[¶15] Summary judgment is a procedure for the prompt and expeditious disposition of a controversy without trial if either litigant is entitled to judgment as a matter of law, if no dispute exists as to either the material facts or the inferences to be drawn from undisputed facts, or if resolving the factual disputes would not alter the results. Ohio Cas. Ins. Co. v. Horner, 1998 ND 168, ¶ 9, 583 N.W.2d 804. On appeal, we review the evidence in the light most favorable to the party opposing the summary judgment motion. Freed v. Unruh, 1998 ND 34, ¶ 6, 575 N.W.2d 433.


[¶16] If corporate securities are sold in violation of the Securities Act, the corporate directors may incur liability to the purchasers of the securities, irrespective of the care and diligence they exercised, if they participated or aided in any way in making the illegal sales. See Schollmeyer v. Saxowsky, 211 N.W.2d 377, 386 (N.D. 1973); Weidner v. Engelhart, 176 N.W.2d 509, 518 (N.D. 1970). The statutory civil remedy for violating North Dakota securities laws and regulations is set forth in N.D.C.C. § 10-04-17:

Remedies. Every sale or contract for sale made in violation of any of the provisions of this chapter, or of any rule or order issued by the commissioner under any provisions of this chapter, shall be voidable at the election of the purchaser. The person making such sale or contract for sale, and every director, officer, salesman, or agent of or for such seller who shall have participated or aided in any way in making such sale shall be jointly and severally liable to such purchaser who may sue either at law or in equity to recover the full amount paid by such purchaser, together with all taxable court costs, interest as provided in subsection 2, and reasonable attorney's fees, less the amount of any income received on the securities, upon tender to the seller, in person or in open court, of the securities sold or of the contracts made, or for damages if he no longer owns the securities. Damages are the amount that would be recoverable upon a tender less the value of the securities when the purchaser disposed of them and interest as provided in subsection 2 from the date of disposition. Provided:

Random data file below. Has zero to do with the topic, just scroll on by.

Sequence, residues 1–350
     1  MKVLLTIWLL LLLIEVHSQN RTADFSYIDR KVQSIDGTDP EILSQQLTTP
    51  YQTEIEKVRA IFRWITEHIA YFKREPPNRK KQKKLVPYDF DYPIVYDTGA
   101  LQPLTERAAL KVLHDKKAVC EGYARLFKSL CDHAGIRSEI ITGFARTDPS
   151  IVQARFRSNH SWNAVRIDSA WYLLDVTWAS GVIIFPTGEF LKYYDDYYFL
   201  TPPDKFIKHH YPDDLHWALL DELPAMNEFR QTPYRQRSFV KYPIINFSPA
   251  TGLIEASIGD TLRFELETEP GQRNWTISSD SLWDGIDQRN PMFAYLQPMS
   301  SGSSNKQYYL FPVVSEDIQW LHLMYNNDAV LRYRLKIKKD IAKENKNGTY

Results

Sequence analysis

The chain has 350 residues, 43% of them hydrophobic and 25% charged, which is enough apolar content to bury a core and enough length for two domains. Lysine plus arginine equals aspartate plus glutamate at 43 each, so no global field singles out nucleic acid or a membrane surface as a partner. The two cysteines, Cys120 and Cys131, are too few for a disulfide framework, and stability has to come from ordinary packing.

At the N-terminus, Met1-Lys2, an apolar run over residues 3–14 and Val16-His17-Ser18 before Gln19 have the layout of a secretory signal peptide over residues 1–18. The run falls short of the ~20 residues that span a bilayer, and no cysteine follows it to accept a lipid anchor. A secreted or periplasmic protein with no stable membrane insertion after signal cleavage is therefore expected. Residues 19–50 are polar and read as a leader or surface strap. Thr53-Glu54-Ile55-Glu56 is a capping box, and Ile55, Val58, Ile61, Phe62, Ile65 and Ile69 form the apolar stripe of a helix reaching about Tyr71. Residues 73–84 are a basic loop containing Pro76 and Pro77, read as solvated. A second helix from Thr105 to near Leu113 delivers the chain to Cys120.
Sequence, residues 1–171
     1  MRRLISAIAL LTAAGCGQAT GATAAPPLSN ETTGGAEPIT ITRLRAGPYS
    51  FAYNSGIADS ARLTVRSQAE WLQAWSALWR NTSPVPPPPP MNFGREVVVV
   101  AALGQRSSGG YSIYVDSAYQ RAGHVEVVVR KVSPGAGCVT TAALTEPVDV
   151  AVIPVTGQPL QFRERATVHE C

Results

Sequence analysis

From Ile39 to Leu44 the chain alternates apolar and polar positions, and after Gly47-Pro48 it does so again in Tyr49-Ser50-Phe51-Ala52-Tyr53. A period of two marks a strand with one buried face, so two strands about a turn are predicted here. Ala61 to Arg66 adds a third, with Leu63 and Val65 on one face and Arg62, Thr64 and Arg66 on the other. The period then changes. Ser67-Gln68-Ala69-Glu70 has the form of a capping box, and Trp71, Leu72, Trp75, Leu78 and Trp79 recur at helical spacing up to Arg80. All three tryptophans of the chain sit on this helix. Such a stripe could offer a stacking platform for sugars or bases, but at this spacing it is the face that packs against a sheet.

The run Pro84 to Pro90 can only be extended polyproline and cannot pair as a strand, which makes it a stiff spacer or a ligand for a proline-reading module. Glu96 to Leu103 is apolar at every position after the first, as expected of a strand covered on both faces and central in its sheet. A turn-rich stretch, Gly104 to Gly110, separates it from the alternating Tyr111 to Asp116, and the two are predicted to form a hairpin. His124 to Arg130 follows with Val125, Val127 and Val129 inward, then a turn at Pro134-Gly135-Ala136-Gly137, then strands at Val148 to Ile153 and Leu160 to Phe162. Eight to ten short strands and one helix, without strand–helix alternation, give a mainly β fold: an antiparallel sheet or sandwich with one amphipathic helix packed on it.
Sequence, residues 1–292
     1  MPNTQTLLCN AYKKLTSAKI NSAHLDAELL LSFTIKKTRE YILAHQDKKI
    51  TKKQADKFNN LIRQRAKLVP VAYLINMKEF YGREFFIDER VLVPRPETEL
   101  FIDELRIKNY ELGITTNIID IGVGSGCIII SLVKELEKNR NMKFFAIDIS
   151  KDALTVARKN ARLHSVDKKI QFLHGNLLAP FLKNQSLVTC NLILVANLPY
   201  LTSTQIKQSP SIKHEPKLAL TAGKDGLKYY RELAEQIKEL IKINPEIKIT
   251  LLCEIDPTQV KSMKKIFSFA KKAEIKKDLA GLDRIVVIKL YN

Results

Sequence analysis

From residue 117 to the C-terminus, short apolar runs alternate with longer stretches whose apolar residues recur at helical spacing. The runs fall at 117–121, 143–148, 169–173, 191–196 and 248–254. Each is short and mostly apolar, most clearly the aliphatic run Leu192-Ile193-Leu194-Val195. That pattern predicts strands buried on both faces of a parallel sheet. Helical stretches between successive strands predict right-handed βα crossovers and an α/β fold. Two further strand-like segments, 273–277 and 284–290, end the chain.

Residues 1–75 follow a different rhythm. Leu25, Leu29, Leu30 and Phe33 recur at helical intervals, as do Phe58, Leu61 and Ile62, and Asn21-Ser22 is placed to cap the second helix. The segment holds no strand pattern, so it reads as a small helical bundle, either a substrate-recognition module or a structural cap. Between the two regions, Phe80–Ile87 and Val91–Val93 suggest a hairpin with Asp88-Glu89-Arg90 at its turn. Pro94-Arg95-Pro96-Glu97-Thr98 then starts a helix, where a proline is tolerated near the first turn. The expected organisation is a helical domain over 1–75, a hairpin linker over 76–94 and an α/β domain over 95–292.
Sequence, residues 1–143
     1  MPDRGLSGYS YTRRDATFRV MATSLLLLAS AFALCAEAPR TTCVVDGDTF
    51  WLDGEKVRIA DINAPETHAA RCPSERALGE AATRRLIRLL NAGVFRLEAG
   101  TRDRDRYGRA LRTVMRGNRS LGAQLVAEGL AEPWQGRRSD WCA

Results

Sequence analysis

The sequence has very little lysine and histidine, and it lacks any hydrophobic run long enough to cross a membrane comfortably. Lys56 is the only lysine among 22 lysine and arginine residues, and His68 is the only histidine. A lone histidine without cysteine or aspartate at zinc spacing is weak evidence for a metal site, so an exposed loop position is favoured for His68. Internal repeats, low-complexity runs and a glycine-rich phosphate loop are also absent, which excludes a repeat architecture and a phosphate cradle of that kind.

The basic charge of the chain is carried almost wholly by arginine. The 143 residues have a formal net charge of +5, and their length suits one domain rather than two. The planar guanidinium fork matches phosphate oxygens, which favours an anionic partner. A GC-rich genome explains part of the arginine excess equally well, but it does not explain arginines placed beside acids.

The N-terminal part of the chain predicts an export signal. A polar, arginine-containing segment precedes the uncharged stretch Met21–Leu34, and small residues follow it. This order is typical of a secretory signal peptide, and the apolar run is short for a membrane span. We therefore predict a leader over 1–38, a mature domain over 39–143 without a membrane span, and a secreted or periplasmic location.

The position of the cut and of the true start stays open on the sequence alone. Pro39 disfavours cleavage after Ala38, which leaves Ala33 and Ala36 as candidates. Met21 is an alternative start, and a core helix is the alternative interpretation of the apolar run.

1. That no action shall be brought under this section for the recovery of the purchase price after five years from the date of such sale or contract for sale nor more than one year after the purchaser has received information as to matter or matters upon which the proposed recovery is based; and

2. That no purchaser shall claim or have the benefit of this section if he shall have refused or failed to accept, within thirty days from the date of such offer, an offer in writing of the seller to take back the securities in question and to refund the full amount paid by such purchaser, together with interest on such amount for the period from the date of payment by such purchaser down to the date of repayment, . . .

3. Nothing in this chapter shall limit any statutory or common-law right of any person in any court for any act involved in the sale of securities.(3)

[¶17] The trial court ruled the plaintiffs' action was barred by the one-year limitation in N.D.C.C. § 10-04-17(1). The court reasoned the February 16, 1994 letter to investors from Faxx's attorney notifying them the second offer to rescind was withdrawn, the company was considering bankruptcy, and the investors should consult their own attorneys to protect their legal rights was "a pretty clear indication that the jig [wa]s up. The Plaintiffs were on notice that it was time to do something to protect themselves." The plaintiffs concede they had knowledge by February 1994 that would lead them to believe Faxx had violated the securities laws and more than one year passed before they commenced this action in August 1995. They assert, however, the one-year time bar in subsection 1 is inapplicable whenever the seller makes an offer under subsection 2 to take back the securities and refund the purchase price.

[¶18] This issue involves the interpretation of a statute, a question of law fully reviewable by this Court. Goodleft v. Gullickson, 556 N.W.2d 303, 306 (N.D. 1996). The primary objective of statutory construction is to ascertain the intent of the Legislature. Jones v. Pringle & Herigstad, P.C., 546 N.W.2d 837, 840 (N.D. 1996). We look first in ascertaining legislative intent at the words used in the statute, giving the words their ordinary, plain language meaning. Shiek v. North Dakota Workers Compensation Bureau, 1998 ND 139, ¶ 16, 582 N.W.2d 639. Statutes must be construed as a whole to determine the legislative intent and the intent must be derived from the whole statute. State v. Johnson, 1997 ND 235, ¶ 8, 571 N.W.2d 372. We interpret statutes to avoid absurd or ludicrous results. Ohnstad Twichell, P.C. v. Treitline, 1998 ND 10, ¶ 20, 574 N.W.2d 194.